Published online by Cambridge University Press: 15 January 2016
Infants learning languages with long consonants, or geminates, have been found to ‘overselect’ and ‘overproduce’ these consonants in early words and also to commonly omit the word-initial consonant. A production study with thirty Italian children recorded at 1;3 and 1;9 strongly confirmed both of these tendencies. To test the hypothesis that it is the salience of the medial geminate that detracts attention from the initial consonant we conducted three experiments with 11-month-old Italian infants. We first established baseline word-form recognition for untrained familiar trochaic disyllables and then tested for word-form recognition, separately for words with geminates and singletons, after changing the initial consonant to create nonwords from both familiar and rare forms. Familiar words with geminates were recognized despite the change, words with singletons were not. The findings indicate that a feature occurring later in the word affects initial consonant production and perception, which supports the whole-word phonology model.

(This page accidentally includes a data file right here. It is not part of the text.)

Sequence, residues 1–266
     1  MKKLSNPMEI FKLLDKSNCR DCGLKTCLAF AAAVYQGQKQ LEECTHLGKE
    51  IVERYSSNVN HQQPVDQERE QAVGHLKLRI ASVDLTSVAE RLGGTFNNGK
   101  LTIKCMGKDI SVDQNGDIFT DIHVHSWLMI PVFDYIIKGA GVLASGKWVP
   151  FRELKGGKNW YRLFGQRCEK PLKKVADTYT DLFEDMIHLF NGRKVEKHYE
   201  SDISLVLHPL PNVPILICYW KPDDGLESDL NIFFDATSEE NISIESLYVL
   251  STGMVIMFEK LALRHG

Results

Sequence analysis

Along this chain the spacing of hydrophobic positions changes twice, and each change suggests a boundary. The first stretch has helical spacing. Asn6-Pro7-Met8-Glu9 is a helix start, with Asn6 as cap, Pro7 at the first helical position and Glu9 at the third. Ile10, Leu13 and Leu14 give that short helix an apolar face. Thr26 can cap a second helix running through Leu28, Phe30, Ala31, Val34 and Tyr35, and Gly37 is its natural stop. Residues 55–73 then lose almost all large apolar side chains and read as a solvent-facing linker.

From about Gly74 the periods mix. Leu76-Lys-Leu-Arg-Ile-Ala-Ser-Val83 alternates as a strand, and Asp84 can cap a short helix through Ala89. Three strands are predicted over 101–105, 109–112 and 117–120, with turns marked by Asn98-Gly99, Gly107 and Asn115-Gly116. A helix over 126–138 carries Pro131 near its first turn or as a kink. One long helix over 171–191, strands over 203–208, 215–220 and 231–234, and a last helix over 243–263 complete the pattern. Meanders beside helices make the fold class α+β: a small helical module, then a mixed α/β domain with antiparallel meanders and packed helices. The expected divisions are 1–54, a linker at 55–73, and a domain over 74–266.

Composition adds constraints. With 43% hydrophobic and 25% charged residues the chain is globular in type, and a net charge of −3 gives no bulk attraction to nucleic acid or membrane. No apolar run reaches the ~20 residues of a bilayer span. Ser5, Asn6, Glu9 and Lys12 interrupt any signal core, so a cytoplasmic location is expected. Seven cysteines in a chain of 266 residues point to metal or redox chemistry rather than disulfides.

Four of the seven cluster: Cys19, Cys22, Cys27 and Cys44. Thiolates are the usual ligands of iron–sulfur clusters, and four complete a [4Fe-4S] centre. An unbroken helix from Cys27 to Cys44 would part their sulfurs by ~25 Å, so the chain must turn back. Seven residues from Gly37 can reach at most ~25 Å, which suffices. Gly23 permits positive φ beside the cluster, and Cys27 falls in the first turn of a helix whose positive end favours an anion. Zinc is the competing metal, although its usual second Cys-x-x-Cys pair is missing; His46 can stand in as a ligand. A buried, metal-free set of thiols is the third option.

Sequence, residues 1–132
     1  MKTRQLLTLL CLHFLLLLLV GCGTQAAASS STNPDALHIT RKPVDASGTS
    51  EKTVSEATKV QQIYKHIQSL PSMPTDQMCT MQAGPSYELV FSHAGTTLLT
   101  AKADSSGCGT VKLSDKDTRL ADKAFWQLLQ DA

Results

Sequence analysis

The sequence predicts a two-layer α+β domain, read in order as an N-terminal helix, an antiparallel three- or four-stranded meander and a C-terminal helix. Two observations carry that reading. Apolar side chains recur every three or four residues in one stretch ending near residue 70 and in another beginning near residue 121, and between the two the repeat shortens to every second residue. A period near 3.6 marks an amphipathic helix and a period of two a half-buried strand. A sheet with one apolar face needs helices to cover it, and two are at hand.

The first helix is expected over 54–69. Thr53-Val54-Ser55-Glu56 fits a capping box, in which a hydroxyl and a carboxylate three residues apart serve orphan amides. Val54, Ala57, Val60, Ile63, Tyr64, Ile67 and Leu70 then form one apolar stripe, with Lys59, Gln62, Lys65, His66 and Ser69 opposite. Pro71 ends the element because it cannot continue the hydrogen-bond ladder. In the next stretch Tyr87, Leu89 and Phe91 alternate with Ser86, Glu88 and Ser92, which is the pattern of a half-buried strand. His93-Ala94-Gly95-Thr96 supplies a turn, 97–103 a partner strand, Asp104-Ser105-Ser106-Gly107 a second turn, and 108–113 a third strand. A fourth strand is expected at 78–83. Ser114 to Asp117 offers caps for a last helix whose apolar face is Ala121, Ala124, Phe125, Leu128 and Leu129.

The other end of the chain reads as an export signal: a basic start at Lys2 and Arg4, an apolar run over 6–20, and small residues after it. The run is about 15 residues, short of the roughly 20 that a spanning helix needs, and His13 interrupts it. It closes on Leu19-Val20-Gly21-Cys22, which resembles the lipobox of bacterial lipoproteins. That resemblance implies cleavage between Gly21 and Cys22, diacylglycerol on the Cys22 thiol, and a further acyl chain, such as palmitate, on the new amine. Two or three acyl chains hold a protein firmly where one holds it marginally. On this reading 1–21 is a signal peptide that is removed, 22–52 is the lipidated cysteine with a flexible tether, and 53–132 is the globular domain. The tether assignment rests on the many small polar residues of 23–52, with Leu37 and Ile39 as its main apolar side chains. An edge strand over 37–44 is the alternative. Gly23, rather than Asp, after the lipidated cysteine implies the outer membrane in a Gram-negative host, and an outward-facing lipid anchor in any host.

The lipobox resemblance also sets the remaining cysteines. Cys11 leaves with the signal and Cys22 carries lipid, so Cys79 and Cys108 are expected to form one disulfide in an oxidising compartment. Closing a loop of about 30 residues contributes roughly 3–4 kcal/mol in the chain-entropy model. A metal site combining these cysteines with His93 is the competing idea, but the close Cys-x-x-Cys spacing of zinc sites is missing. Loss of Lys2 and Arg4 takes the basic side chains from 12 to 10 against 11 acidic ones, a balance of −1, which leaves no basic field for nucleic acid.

The authors would like to thank Tamar Keren-Portnoy for her help planning the analysis of the production data and both Rory A. DePaolis and Tamar Keren-Portnoy for their advice regarding the choice of stimuli and other aspects of the experimental design. We thank Andrea Capra, who kindly recorded the stimuli and helped to set up the experiments, Chiara Rainieri, who also helped with the experiments and carried out some analyses of the production data, and Laura Guidotti, who carefully checked the production data for all thirty children at two time-points. Last but not least we thank all of the families for their participation.